Tag Archives: New England League

Rooney Sweeney

18 Oct

John “Rooney” Sweeney was better known for his unpredictability and for making  good copy for the 19th Century press than for anything he did on the baseball field.  He remains one of the few Major League players for which a date of death is unknown.

Born in New York City in 1858, Sweeney’s first professional experience was in 1881 in the Eastern Championship Association, a league which only lasted one season.  Like many of the short-lived leagues of baseball’s first 30 years, the ECA had no fixed schedules and no control over player movement making it impossible to keep full rosters.  Sweeney played with four teams in the league: The Brooklyn Atlantics, New York Mets, New York Quick Steps and New York New Yorks.

There’s no record of where Sweeney played the following season, but in 1883 he played for Camden Merritts in the Interstate Association and made his Major League debut with the Baltimore Orioles in the American Association.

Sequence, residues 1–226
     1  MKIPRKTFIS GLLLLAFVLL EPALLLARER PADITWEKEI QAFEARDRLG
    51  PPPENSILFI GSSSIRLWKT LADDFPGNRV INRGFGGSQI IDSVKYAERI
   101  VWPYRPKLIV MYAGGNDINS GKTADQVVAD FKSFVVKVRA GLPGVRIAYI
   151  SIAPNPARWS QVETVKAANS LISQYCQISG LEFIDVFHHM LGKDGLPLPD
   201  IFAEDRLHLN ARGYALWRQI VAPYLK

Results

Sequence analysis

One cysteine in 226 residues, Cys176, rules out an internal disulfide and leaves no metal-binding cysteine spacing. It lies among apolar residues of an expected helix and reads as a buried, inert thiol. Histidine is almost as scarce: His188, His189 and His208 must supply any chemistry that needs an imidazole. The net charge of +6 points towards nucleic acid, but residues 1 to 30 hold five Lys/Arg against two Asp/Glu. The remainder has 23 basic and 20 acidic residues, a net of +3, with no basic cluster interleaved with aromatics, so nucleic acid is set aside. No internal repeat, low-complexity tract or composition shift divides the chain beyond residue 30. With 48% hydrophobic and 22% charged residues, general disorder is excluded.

Although there is no other source for the claim, a 1910 article on the origin of catcher’s equipment in The Freeman claims that Sweeney was playing on the West Coast in Oakland for part of 1883 and was one of the first catchers to wear a mask, “The day he placed it on his head and went up behind the bat he was ‘Booed’ until he took it off in disgust.  Later the fans began to see the benefits of the wire covering.”

John “Rooney” Sweeney”

Sweeney then played with the Baltimore Monumentals in the Union Association in 1884.  He appeared in three games for the St. Louis Maroons in the National League in 1885 before being released.

According to The Sporting Life:

“When Rooney Sweeney was recently released by (Maroons owner Henry) Lucas he had quite a roll. So before leaving St. Louis, just to blow in a dollar or two, Rooney… hired a fine team of grays and a park wagon from a livery stable.  This was at ten o’clock Thursday morning.  At three o’clock Friday morning, eleven hours behind time, a messenger boy drove the team into the stable. Both the grays looked ready for the bone-yard and the owner at that moment would have sold them for a song. Their whole appearance showed that they had been driven nearly to death.